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Jean Barbre, EdD,

holds a master's degree in child and family studies from California State University Long Beach, a master's degree in counseling from California State University Fullerton, and a doctorate degree in educational leadership from Pepperdine University. She has thirty years of experience working with children and families as a preschool director, teacher, therapist, college instructor, national and international presenter, and a guest presenter on public television. As a licensed marriage and family therapist, she blends her knowledge of counseling and psychology into her understanding of children and families.




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Jean Barbre, EdD, has a passion for helping the youngest children learn and grow in nurturing environments. We asked Dr. Barbre about responsive caregiving and how she hopes her books will help you grow as a professional and increase the quality of care you provide to infants, toddlers, and two-year-olds. Read on, and you’ll also learn how roses, apple pie, and travel fit into Dr. Barbre’s free time.

Your new books, Foundations for Responsive Caregiving and Activities for Responsive Caregiving, are great resources for early childhood professionals. For someone unfamiliar with the concept of responsive caregiving, how would you describe it?
Responsive caregiving is the cornerstone of quality care for infants and toddlers. Responsive caregivers provide a nurturing, caring, and stable environment for young children and respond to their individual needs in a loving way.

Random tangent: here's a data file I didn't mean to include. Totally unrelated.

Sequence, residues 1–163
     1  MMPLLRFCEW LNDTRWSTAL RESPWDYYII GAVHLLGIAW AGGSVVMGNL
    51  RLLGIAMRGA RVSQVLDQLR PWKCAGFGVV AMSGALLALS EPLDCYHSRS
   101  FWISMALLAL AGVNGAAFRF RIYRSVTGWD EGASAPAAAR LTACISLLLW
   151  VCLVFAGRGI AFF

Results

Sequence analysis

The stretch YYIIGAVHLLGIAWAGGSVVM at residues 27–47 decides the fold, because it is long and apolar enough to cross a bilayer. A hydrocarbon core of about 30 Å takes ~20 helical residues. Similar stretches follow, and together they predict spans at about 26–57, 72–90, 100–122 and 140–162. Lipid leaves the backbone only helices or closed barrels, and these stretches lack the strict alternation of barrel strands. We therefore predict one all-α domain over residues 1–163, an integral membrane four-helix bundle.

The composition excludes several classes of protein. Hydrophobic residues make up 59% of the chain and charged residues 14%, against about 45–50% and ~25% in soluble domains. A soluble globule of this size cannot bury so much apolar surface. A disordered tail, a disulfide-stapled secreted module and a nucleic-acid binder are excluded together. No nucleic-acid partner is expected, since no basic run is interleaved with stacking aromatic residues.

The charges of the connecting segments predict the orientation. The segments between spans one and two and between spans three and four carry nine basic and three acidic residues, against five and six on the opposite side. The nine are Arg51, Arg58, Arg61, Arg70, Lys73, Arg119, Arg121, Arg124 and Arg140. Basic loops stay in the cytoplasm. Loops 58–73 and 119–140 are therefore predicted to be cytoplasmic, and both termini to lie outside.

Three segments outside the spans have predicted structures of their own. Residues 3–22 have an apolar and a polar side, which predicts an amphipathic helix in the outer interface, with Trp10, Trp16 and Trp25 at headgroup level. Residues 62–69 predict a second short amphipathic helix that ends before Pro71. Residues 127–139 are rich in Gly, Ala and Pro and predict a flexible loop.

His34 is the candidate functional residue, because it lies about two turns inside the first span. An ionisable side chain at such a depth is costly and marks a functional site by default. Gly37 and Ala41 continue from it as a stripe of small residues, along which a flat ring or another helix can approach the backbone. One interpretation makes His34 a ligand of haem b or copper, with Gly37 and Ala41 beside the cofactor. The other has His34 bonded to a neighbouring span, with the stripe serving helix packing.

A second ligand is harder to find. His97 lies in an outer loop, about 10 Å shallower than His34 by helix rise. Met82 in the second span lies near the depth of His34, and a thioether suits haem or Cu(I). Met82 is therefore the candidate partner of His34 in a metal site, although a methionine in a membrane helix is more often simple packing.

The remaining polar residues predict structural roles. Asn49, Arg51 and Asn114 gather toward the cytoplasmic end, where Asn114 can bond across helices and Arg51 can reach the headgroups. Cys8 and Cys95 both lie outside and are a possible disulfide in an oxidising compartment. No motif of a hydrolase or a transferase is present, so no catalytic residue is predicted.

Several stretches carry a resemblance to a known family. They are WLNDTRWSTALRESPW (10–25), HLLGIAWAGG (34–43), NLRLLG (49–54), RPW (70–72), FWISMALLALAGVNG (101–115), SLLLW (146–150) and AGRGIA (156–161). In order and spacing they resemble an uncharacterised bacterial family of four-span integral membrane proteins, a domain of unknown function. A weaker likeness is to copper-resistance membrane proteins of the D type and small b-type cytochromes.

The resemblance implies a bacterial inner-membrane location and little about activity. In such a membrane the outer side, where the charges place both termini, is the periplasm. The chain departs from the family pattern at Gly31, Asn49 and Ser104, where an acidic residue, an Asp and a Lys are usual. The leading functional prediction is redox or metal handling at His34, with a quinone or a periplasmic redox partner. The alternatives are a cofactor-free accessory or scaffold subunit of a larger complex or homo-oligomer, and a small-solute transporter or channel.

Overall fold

How did your interest in responsive caregiving begin, and how did your interest turn into the idea to write these books?
Jump Start's annual Read for the Record campaignFor many years, I trained early childhood educators at local, state, and national levels. Most of my trainings were designed for preschool teachers. At these trainings, there were always people in the audience who either worked or planned to work with infants and toddlers. They would repeatedly ask me, “How do I adapt what you presented to infants and toddlers?” From that, I made a conscience decision to focus my presentations, outside of my regular job, on infant and toddler care. I feel there is a resounding need for information on caregiving and curriculum development for infant and toddler caregivers. My idea to write these books came out of these presentations and the voice from the field.
Your books mention the importance of secure relationships and attachments. Why are they so crucial?
Infants and toddlers learn about the world and their place in it through the relationships they build with their parents and caregivers. Early relationships and secure attachments help children develop feelings of trust and a sense of security. Forming secure relationships and attachments are primary tasks for children during their first three years of life. The relationships children form in their earliest years shape their relationships throughout life. Research shows there is a strong correlation between children’s secure relationships and their emotional well-being.
What can caregivers expect to gain from reading your books?